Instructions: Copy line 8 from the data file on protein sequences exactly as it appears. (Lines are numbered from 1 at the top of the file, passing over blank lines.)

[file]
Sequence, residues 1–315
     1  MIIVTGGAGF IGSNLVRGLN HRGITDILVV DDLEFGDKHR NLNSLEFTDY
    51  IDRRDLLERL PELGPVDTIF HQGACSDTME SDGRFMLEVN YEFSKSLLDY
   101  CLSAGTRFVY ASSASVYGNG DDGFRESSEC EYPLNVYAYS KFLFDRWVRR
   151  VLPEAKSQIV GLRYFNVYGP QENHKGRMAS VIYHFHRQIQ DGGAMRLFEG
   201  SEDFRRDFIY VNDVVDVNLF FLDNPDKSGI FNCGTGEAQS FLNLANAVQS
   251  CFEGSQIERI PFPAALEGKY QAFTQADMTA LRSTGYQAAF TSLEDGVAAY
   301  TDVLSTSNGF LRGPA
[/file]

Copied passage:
   301  TDVLSTSNGF LRGPA